Joe Schmitt writes a weekly blog called The Good Life, featuring information about the region’s history, culture, climate and economy. The blog also showcases new residents, clubs and organizations, outdoor recreational opportunities and local events.
By the turn of the 20th century, the Yakima Valley’s agricultural community was well established and growing quickly. Valley farmers actively recruited Japanese immigrants from the Seattle area to come work in their fields. Many welcomed the opportunity, eventually settling around the Wapato area. It didn’t take long to learn the trade and by 1910 many of these workers were transitioning into farmers themselves.
Soon, Wapato was home to over 1,200 Japanese descendents with businesses sprouting around town catering to them, primarily around present day West 2nd Street were the Yakima Buddhist Church and Wapato Buddhist Hall resides. However, World War Two changed these families forever. In 1942, by executive order, President Roosevelt had Japanese immigrants, even U.S. citizens of Japanese descent, interned into camps; Wapato’s Japanese community was no exception and they were sent out of state. This outmigration created a huge demand for farm labor so the federal government created the Bracero program to recruit workers from Mexico. After the war, a few of the Japanese families returned to the Valley and continued farming.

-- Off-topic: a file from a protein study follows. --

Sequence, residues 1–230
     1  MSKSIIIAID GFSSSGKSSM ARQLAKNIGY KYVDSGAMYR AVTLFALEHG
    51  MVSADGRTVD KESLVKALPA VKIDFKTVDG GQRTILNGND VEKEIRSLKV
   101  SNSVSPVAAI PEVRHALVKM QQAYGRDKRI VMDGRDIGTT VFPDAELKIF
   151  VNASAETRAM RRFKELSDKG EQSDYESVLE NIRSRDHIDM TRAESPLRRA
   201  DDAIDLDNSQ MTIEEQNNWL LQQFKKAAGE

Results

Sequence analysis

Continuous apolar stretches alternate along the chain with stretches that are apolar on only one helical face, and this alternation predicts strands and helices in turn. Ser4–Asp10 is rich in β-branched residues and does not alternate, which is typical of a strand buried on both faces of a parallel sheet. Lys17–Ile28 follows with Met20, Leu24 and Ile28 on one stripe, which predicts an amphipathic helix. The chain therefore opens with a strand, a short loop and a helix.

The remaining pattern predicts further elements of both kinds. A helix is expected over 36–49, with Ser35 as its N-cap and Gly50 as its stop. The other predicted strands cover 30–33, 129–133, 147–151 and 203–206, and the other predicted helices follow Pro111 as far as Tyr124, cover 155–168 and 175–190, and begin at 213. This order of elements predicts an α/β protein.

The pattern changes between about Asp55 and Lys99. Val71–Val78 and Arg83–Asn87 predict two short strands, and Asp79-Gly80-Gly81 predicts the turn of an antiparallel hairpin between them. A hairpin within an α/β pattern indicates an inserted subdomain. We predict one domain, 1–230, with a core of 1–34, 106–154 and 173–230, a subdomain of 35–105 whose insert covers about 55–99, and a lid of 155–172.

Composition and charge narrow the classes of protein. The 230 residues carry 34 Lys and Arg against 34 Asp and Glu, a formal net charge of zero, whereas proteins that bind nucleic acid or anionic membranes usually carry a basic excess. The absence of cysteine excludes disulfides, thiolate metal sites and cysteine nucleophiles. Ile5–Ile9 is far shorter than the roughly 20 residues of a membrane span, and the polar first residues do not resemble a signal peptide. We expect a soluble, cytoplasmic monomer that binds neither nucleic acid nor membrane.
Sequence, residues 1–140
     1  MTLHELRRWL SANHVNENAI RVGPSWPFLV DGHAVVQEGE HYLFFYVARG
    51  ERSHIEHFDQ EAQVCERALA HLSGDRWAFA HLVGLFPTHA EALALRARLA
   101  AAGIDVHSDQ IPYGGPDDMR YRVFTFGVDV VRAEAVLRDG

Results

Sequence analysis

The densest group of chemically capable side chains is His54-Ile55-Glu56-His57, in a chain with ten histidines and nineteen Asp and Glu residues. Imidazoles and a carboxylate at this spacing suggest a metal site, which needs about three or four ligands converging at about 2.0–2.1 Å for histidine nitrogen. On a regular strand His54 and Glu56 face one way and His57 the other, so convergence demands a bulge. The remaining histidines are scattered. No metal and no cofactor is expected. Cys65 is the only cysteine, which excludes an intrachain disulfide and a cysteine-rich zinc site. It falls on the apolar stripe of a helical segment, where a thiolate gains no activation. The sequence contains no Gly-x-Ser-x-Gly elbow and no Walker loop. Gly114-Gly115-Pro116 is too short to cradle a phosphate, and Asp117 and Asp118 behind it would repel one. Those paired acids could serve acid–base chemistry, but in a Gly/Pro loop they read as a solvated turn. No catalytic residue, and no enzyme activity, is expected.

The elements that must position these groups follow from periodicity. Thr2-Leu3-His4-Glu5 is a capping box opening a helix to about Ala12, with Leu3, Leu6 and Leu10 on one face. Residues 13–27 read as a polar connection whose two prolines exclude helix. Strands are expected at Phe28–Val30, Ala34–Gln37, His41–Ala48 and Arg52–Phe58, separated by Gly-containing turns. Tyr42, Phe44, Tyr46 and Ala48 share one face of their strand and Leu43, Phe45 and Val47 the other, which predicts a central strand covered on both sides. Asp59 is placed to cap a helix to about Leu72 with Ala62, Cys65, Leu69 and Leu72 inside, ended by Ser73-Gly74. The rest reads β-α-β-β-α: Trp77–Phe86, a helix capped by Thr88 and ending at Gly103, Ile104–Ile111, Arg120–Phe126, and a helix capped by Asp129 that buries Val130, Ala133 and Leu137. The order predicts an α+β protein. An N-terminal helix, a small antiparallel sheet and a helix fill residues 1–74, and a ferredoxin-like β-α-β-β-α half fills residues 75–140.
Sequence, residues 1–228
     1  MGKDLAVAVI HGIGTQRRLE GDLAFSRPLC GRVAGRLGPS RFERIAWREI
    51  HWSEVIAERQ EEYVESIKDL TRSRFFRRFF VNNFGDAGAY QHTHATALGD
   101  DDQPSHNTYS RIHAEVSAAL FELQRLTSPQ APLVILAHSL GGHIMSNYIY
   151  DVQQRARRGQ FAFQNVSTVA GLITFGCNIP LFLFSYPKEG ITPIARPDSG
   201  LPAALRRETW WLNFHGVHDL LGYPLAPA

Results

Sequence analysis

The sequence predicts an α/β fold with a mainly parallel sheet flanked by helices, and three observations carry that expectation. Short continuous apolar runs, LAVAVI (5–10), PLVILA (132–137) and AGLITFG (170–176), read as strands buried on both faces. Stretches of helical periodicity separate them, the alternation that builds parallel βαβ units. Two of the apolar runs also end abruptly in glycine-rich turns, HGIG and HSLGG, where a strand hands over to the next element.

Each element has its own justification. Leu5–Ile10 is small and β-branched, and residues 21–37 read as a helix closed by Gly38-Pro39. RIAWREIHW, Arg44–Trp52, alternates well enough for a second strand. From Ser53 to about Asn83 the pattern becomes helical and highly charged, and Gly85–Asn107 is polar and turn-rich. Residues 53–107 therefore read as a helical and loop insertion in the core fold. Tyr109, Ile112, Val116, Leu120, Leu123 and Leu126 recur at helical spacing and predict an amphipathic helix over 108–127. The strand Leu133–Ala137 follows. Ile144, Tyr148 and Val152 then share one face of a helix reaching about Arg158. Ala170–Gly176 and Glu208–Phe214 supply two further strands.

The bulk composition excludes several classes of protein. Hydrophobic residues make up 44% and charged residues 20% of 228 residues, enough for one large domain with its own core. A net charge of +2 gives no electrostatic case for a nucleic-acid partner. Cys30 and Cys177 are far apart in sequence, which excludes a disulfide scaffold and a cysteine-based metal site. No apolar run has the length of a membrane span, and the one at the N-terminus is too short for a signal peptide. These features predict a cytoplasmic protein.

Today, the Yakima Buddhist Church serves the Japanese community and teaches future generations about their Yakima Valley heritage. For over 50 years church members have hosted an annual fundraising dinner at the neighboring Wapato Buddhist Hall serving traditional Sukiyaki, complete with bamboo shoots and yam noodles flown in from Japan. This event has grown into one of the Valley’s largest events and draws folks from around the state who come to honor these Japanese pioneers.
This year’s event will be Sunday, March 4th from 11:30 a.m. to 5:00 p.m. For tickets to this event and historical information about our Valley's Japanese roots, contact the Yakima Valley Museum at 509.248.0747. Of course, walk-ins are welcome.
For more information on the history of Japanese-Americans in the Yakima Valley, click here.